Microsoft is preparing a patch for this issue, but in the meantime they recommend that you disable Active Scripting in all Zones.  The risk factor is high in all Zones except for the Restricted Zone which has Active Scripting disabled by default.  Details on how to do this can be found in the Frequently Asked Questions section of the Security Bulletin.
 


On November 13, 2001, Microsoft updated Security Bulletin MS01-055 to include a link to the patch that fixes the Script Injection Vulnerability.


On December 13, 2001, Microsoft released Security Bulletin MS01-058, which discusses the availability of a Cumulative Patch for Internet Explorer 5.5 and 6.0.  This patch eliminates all previously known security vulnerabilities in Internet Explorer 5.5 and 6.0.  In addition, this patch corrects three newly discovered vulnerabilities.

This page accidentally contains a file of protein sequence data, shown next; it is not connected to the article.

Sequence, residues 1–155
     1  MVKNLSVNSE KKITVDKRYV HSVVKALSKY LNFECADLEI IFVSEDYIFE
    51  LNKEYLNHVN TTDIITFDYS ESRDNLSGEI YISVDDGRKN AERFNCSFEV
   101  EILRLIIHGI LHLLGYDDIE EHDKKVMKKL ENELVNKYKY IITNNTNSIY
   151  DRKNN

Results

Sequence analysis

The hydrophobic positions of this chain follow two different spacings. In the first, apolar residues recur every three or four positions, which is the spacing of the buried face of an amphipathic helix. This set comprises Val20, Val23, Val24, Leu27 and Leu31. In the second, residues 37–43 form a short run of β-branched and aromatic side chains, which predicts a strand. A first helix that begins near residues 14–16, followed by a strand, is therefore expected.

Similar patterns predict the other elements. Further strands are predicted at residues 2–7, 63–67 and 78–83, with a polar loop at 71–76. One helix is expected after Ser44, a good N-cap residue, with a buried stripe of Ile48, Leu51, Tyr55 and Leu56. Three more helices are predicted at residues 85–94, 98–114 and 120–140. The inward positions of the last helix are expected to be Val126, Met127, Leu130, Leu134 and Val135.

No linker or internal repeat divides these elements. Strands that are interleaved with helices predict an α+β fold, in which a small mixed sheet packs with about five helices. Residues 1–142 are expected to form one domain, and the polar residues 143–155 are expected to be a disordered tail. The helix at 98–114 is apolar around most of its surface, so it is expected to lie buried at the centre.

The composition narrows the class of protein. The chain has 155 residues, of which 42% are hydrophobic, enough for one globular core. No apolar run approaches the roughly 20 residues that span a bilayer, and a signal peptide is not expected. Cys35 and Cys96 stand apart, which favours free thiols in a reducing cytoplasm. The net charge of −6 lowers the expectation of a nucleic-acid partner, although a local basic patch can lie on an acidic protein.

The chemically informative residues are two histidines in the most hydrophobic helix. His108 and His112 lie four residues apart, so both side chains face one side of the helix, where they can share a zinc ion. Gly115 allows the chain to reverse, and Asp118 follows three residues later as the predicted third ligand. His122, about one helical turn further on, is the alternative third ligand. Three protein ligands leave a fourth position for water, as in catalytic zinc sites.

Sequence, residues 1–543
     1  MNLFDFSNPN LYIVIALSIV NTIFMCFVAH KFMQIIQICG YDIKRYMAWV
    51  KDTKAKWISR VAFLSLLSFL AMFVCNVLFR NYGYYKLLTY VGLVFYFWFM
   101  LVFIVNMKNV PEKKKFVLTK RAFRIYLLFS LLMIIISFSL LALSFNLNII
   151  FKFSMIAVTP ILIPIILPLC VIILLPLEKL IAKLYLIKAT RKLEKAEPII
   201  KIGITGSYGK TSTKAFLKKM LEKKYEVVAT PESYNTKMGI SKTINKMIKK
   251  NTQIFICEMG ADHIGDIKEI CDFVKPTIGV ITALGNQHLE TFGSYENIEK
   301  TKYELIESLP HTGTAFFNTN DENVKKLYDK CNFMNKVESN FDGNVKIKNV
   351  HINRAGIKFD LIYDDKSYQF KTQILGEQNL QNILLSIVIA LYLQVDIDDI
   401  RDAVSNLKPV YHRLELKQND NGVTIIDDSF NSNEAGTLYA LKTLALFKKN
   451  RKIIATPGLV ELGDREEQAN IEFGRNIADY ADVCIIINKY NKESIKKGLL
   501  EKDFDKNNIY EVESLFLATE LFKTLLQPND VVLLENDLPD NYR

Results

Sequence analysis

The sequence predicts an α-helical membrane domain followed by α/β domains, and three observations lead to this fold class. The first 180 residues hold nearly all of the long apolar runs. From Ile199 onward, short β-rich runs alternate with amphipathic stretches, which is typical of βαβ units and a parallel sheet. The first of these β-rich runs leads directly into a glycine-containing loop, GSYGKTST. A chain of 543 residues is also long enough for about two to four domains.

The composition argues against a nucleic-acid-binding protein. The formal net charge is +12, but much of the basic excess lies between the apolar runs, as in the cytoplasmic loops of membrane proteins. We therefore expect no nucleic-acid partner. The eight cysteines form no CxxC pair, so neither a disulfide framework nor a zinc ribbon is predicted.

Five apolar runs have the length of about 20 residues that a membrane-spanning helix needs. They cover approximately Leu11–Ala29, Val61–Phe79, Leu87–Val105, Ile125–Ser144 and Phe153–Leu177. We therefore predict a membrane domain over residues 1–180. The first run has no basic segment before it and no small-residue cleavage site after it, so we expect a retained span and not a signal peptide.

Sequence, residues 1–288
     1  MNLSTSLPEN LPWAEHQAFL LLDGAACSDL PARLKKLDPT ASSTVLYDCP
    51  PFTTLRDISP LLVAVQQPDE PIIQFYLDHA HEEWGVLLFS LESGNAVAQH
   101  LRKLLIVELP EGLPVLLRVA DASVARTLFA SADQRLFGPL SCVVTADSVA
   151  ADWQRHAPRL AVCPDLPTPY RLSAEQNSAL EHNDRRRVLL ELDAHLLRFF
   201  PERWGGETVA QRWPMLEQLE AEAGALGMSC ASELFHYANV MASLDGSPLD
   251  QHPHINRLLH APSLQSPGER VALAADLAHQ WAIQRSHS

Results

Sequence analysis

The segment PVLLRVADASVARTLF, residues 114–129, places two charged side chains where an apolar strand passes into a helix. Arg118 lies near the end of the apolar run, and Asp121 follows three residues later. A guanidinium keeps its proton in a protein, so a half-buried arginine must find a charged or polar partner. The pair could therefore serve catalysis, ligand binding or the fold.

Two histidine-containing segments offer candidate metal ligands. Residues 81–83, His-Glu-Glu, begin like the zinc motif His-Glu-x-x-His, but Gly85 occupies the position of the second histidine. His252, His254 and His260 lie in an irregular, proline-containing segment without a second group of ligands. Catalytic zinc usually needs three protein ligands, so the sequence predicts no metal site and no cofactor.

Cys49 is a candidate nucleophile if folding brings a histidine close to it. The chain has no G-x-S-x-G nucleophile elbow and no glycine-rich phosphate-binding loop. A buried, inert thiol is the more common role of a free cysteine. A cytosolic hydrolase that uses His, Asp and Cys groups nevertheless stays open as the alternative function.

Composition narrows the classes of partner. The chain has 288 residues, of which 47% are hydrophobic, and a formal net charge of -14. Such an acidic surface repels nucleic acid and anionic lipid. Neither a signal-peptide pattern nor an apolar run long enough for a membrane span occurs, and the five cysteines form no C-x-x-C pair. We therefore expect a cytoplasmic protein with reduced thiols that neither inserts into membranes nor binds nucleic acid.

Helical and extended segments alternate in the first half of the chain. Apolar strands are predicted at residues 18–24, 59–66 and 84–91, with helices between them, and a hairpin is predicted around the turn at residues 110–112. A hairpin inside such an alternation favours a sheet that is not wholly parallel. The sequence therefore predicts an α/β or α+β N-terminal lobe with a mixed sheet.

• The first vulnerability affects version 6.0 only.  It concerns a flaw in how the Content-Disposition and Content-Type header fields in an HTML stream are handled.  Along with other data, these fields determine what IE does with a file upon download.  If a malicious person altered the HTML header information in a certain way, IE might be tricked into opening without the file without requesting confirmation.  CERT has also issued a bulletin on this vulnerability.
     
  • The second vulnerability is a newly discovered variant of the "Frame Domain Verification" vulnerability discussed in Security Bulletin MS01-015.  This vulnerability affects both IE 5.5 and 6.0.
     
  • The third vulnerability involves the display of file names in the File Download field.  A flaw exists that could enable a malicious person to alter the name of the file and potentially expose the browser to unsafe HTML or other code.  This vulnerability affects both IE 5.5 and 6.0.